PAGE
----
1)What is Post Partum Depression, how common is it?  

PPDD is technically known as a major depressive disorder with post-partum onset. This condition is a mood disorder which also has physical symptoms and impairments. It usually occurs within the first four weeks after delivery but some feel it can appear as late as several months after the baby is born.  Depression which occurs before delivery is called perinatal or ante-natal depression.  Estimates vary but between 11%-19% of new mothers report having this condition.

2)What are the symptoms?

  • Problems sleeping, too little/ too much
  • Changes in appetite and eating, too little/to much ( weight gain or loss)  Fatigue,
  • Less activity and social withdrawal
  • Inability to experience pleasure or joy (including sex)
  • Sadness and tearfulness,
  • Inability to concentrate, short term memory problems
  • Hopelessness, and feeling helpless to improve things
  • Thoughts that you might be better off dead.

3)What is the difference between baby blues and postpartum depression?

Baby blues is a normal adjustment period that occurs during the first few weeks after the birth of your baby.  It is not an illness, and lots of women experience it.  It resolves on its own.

PPDD is a clinical depressive condition which is detected because it lasts more than two weeks and does not go away. PPDD requires medical attention.

4) What does treatment involve, how effective is it and how long will it take to get better?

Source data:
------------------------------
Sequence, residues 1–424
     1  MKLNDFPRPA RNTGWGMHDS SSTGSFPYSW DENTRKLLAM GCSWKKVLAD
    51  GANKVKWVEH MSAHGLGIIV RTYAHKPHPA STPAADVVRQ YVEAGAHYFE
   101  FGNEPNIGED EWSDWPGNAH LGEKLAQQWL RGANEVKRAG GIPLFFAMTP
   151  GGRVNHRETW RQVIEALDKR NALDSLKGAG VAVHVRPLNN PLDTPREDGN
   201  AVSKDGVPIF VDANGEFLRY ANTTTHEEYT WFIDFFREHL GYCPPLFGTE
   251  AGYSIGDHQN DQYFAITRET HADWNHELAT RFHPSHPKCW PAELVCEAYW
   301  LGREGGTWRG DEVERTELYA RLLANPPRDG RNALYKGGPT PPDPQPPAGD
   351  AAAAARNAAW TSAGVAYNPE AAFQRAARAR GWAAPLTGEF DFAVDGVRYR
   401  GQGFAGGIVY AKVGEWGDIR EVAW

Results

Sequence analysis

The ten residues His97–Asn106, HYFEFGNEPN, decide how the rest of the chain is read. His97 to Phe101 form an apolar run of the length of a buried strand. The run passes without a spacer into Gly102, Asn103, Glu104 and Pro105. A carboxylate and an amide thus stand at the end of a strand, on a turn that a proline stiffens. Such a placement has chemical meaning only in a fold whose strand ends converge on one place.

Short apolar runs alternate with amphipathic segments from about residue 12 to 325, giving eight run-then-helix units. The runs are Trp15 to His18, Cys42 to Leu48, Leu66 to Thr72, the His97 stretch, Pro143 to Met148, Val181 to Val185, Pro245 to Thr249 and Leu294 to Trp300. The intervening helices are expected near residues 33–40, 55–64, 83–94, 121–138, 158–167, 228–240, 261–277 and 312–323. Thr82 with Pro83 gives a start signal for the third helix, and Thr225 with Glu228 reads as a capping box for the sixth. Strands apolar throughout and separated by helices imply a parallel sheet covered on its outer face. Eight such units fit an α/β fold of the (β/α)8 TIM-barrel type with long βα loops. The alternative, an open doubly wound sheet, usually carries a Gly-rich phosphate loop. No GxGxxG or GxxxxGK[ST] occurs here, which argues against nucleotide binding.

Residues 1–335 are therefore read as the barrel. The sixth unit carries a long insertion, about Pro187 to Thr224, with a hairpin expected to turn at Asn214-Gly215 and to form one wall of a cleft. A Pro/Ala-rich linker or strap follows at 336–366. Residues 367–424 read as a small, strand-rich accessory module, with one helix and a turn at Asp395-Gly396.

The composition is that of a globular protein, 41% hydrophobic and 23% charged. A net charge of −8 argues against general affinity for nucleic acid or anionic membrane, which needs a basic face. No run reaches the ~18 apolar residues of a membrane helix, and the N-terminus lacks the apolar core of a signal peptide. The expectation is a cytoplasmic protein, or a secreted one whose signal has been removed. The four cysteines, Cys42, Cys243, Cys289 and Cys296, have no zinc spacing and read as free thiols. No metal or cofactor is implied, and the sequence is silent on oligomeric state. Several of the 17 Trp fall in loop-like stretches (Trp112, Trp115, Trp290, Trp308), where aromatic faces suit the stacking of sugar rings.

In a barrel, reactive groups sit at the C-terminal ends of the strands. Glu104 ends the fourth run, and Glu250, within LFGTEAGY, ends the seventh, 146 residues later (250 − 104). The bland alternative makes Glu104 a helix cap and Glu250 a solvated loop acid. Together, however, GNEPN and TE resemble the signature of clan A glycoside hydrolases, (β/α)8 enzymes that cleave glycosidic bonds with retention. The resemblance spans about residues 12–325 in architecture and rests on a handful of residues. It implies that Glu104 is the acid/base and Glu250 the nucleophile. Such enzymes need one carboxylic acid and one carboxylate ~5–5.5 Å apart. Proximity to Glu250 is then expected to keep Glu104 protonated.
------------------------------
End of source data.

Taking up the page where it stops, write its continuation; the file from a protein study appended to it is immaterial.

Usually a combination of medication and cognitive psychotherapy will do the trick. The good news is that treatment is very effective and you should start to feel better in a few weeks and be back to your old self ( well… old self with a new baby) in a few months. There are several factors which may alter your recovery. For example:

  • How long did you suffer from PPD before you reached out for treatment? Did you ignore it for months?
  • How severe is your depression? Is there any psychosis or other complicating issues?
  • What is your current life situation and how may it be affecting your recovery, e.g. how stressed is your life and how good is you support network?
  • Are you following the treatment plan? Do you take your meds as prescribed and exercise and journal regularly?

5) What are some of the risk factors for postpartum depression and postpartum anxiety?

There are many risk factors including:

  • Geography – some states are less (New England) some are more (New Mexico)
  • Age – Young teens are most at risk.
  • Medical Conditions – Thyroid or diabetes.
  • Psychiatric History – bi-polar or depressive/ anxiety disorder, a history of childhood trauma or previous post- partum depressions.
  • Stress Factors – poverty, domestic violence, military wives
  • Inadequate support network,

6) What could happen if I choose not to get professional help and just wait it out until this goes away?

****If you ignore PPD it could become more severe and chronic. It also has the potential to affect your child’s development. This is why it is not a good idea to try and wait until PPD goes away on its own. Fortunately the Academy of Obstetrics and Gynecology recommends that every mom be screened for PPDD between 4 and 6 weeks after delivery.

Finally – I’m a dad.  What do I do?

First, don’t panic about postpartum depression. What your wife or partner is going through is a common illness and is treatable.  She willget back to the person you know, with your support and patience.

Three things to remember About Post-Partum Depressive Disorder:

1)    PPDD is a real and serious psychological disorder.  It doesn’t just go away.

2)    PPDD is very treatable. See your doctor if your symptoms last more than two weeks.

3)    Don’t ignore PPDD.  Left untreated PPDD can become more severe and  chronic.

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